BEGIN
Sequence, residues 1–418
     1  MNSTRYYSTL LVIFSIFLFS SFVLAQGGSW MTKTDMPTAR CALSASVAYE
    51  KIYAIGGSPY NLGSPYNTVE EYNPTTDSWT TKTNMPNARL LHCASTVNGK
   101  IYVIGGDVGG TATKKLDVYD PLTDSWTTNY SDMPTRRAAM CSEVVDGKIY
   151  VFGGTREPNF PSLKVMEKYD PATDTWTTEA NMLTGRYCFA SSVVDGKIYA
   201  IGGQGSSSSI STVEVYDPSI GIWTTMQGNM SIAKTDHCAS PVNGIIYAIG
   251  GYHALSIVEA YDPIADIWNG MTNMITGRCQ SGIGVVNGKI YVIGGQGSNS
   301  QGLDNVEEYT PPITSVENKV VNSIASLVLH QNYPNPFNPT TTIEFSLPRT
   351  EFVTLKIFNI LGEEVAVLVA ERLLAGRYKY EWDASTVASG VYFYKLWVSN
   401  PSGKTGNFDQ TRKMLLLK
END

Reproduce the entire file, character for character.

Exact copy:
Sequence, residues 1–418
     1  MNSTRYYSTL LVIFSIFLFS SFVLAQGGSW MTKTDMPTAR CALSASVAYE
    51  KIYAIGGSPY NLGSPYNTVE EYNPTTDSWT TKTNMPNARL LHCASTVNGK
   101  IYVIGGDVGG TATKKLDVYD PLTDSWTTNY SDMPTRRAAM CSEVVDGKIY
   151  VFGGTREPNF PSLKVMEKYD PATDTWTTEA NMLTGRYCFA SSVVDGKIYA
   201  IGGQGSSSSI STVEVYDPSI GIWTTMQGNM SIAKTDHCAS PVNGIIYAIG
   251  GYHALSIVEA YDPIADIWNG MTNMITGRCQ SGIGVVNGKI YVIGGQGSNS
   301  QGLDNVEEYT PPITSVENKV VNSIASLVLH QNYPNPFNPT TTIEFSLPRT
   351  EFVTLKIFNI LGEEVAVLVA ERLLAGRYKY EWDASTVASG VYFYKLWVSN
   401  PSGKTGNFDQ TRKMLLLK